Access to data can be faster because joins are often not needed (as in a tabular implementation of a relational database). This is because an object can be retrieved directly without a search, by following pointers.

Another area of variation between products is in the way that the schema of a database is defined. A general characteristic, however, is that the programming language and the database schema use the same type definitions.

Multimedia applications are facilitated because the class methods associated with the data are responsible for its correct interpretation.

Many object databases, for example Gemstone or VOSS, offer support for versioning. An object can be viewed as the set of all its versions. Also, object versions can be treated as objects in their own right. Some object databases also provide systematic support for triggers and constraints which are the basis of active databases.

The efficiency of such a database is also greatly improved in areas which demand massive amounts of data about one item. For example, a banking institution could get the user's account information and provide them efficiently with extensive information such as transactions, account information entries etc. The Big O Notation for such a database paradigm drops from O(n) to O(1), greatly increasing efficiency in these specific cases.


The Object Data Management Group was a consortium of object database and object-relational mapping vendors, members of the academic community, and interested parties. Its goal was to create a set of specifications that would allow for portable applications that store objects in database management systems. It published several versions of its specification. The last release was ODMG 3.0. By 2001, most of the major object database and object-relational mapping vendors claimed conformance to the ODMG Java Language Binding. Compliance to the other components of the specification was mixed. In 2001, the ODMG Java Language Binding was submitted to the Java Community Process as a basis for the Java Data Objects specification. The ODMG member companies then decided to concentrate their efforts on the Java Data Objects specification. As a result, the ODMG disbanded in 2001.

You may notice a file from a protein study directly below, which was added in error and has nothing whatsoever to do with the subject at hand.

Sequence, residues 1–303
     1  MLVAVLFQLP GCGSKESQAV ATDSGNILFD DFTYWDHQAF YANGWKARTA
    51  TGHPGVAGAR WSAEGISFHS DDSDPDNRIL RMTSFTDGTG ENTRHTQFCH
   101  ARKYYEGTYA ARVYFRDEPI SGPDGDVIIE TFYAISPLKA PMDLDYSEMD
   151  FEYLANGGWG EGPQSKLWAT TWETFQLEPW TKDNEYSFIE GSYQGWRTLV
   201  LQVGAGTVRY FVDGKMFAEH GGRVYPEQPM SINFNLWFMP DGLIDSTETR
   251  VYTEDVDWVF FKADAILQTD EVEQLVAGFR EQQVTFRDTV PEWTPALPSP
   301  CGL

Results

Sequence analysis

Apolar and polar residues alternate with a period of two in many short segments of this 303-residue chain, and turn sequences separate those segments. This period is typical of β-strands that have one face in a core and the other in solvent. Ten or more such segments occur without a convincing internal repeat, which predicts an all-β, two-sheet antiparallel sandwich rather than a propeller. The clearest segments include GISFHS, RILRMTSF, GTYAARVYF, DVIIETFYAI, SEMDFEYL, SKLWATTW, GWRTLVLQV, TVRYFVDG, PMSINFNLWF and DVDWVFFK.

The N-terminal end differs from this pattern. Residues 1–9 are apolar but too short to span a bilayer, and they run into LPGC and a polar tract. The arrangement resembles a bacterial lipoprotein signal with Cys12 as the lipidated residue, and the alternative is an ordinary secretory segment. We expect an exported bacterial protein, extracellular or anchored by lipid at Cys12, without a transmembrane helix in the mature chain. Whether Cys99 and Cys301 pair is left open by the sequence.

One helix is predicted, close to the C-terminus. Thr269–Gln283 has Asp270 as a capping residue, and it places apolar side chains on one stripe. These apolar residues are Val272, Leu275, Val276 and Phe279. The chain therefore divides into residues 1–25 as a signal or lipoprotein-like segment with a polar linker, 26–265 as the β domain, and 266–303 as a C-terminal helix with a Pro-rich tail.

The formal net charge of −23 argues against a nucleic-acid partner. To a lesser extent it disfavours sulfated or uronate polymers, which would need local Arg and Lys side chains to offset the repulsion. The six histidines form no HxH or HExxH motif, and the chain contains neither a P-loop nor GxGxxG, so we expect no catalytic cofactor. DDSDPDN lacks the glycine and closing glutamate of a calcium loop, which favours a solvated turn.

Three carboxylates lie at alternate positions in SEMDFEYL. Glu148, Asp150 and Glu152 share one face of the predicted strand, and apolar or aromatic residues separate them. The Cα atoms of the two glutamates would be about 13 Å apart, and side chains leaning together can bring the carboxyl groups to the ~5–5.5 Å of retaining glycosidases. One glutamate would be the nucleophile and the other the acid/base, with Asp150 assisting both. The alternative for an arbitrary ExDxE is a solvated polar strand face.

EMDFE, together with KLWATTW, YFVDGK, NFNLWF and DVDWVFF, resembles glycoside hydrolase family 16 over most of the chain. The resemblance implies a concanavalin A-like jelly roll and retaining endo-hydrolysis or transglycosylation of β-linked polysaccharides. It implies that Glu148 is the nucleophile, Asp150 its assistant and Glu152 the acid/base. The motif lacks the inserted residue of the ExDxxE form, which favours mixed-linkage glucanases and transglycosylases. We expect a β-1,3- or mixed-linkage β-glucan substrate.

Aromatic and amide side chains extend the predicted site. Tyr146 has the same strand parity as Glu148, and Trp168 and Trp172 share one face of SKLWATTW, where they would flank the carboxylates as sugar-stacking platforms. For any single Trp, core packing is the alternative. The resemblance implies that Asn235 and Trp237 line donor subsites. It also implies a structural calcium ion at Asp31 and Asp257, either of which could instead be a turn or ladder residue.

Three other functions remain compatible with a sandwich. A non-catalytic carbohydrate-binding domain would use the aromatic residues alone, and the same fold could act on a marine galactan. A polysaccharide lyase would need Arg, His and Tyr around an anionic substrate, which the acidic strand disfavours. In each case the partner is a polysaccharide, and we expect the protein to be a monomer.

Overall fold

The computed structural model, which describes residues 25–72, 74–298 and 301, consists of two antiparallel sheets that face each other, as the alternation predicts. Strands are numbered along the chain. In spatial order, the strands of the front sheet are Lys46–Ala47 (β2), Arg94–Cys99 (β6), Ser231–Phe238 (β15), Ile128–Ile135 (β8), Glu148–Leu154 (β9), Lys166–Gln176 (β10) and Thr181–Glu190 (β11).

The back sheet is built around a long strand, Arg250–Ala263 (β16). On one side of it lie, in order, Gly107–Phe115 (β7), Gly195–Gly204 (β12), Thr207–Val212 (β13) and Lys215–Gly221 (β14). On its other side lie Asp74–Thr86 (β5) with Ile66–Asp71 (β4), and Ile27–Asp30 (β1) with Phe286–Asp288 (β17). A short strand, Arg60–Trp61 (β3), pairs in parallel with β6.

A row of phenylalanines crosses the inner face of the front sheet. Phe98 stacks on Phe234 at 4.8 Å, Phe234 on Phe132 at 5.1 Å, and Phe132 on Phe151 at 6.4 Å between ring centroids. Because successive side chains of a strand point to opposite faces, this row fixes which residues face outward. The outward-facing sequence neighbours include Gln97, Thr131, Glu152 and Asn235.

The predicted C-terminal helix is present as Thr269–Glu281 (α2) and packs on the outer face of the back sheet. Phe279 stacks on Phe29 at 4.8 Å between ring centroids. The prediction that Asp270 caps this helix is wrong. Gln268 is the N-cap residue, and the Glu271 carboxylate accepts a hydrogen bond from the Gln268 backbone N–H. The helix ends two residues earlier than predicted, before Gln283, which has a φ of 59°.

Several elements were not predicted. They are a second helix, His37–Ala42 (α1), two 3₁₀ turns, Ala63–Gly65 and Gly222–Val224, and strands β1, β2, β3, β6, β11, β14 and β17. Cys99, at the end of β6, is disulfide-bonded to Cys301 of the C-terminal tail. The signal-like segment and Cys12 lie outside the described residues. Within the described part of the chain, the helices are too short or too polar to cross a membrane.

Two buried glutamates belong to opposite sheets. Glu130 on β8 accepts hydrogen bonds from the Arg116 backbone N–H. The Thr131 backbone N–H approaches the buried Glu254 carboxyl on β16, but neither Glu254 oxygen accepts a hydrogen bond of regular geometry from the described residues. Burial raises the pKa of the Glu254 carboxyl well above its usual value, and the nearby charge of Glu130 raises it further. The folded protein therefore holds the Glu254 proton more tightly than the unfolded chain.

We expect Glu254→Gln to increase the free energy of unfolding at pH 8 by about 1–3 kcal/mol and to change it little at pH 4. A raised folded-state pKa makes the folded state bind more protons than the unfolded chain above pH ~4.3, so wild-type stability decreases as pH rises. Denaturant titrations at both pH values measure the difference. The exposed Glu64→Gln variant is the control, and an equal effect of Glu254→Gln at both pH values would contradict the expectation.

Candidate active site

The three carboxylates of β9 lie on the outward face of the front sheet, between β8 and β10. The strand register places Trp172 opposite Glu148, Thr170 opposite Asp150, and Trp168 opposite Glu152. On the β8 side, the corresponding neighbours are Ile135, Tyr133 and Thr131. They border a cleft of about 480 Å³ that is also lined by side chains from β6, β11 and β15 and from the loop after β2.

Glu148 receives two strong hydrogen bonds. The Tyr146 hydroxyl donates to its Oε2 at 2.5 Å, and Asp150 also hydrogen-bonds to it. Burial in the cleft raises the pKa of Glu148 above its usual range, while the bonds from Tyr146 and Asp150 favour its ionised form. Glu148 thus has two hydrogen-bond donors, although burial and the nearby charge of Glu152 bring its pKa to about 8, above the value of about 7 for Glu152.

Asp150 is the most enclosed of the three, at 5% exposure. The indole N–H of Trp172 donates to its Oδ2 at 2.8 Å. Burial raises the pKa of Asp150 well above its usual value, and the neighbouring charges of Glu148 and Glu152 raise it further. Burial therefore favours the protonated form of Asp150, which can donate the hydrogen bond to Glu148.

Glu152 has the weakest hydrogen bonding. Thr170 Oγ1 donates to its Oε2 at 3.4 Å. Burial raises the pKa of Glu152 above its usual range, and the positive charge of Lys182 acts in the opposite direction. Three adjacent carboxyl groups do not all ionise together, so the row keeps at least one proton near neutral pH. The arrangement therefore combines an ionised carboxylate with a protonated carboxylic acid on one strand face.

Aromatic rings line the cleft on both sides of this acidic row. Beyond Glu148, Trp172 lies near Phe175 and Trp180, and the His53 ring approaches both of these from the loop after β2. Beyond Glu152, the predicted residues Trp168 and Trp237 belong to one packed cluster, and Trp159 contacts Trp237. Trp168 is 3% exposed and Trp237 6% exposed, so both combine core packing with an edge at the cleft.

Many object database ideas were also absorbed into SQL:1999 and have been implemented in varying degrees in object-relational database products.

In 2005 Cook, Rai, and Rosenberger proposed to drop all standardization efforts to introduce additional object-oriented query APIs but rather use the OO programming language itself, i.e., Java and .NET, to express queries. As a result, Native Queries emerged. Similarly, Microsoft announced Language Integrated Query (LINQ) and DLINQ, an implementation of LINQ, in September 2005, to provide close, language-integrated database query capabilities with its programming languages C# and VB.NET 9.

In February 2006, the Object Management Group (OMG) announced that they had been granted the right to develop new specifications based on the ODMG 3.0 specification and the formation of the Object Database Technology Working Group (ODBT WG). The ODBT WG planned to create a set of standards that would incorporate advances in object database technology (e.g., replication), data management (e.g., spatial indexing), and data formats (e.g., XML) and to include new features into these standards that support domains where object databases are being adopted (e.g., real-time systems). The work of the ODBT WG was suspended in March 2009 when, subsequent to the economic turmoil in late 2008, the ODB vendors involved in this effort decided to focus their resources elsewhere.

In January 2007 the World Wide Web Consortium gave final recommendation status to the XQuery language. XQuery uses XML as its data model. Some of the ideas developed originally for object databases found their way into XQuery, but XQuery is not intrinsically object-oriented. Because of the popularity of XML, XQuery engines compete with object databases as a vehicle for storage of data that is too complex or variable to hold conveniently in a relational database. XQuery also allows modules to be written to provide encapsulation features that have been provided by Object-Oriented systems.

Comparison with RDBMSs

An object database stores complex data and relationships between data directly, without mapping to relational rows and columns, and this makes them suitable for applications dealing with very complex data.[7] Objects have a many to many relationship and are accessed by the use of pointers. Pointers are linked to objects to establish relationships. Another benefit of an OODBMS is that it can be programmed with small procedural differences without affecting the entire system.[8] This is most helpful for those organizations that have data relationships that are not entirely clear or need to change these relations to satisfy the new business requirements.

Potential advantages:

  • Objects don't require assembly and disassembly saving coding time and execution time to assemble or disassemble objects.
  • Reduced paging.
  • Easier navigation.
  • Better concurrency control - a hierarchy of objects may be locked.
  • Data model is based on the real world.
  • Works well for distributed architectures.
  • Less code required when applications are object oriented.

Potential disadvantages:

  • Lower efficiency when data is simple and relationships are simple.
  • Relational tables are simpler.
  • Late binding may slow access speed.
  • More user tools exist for RDBMS.
  • Standards for RDBMS are more stable.
  • Support for RDBMS is more certain and change is less likely to be required.

See also


External links

  • Object DBMS resource portal
  • Database Benchmark (open source)
  • Object Oriented Databases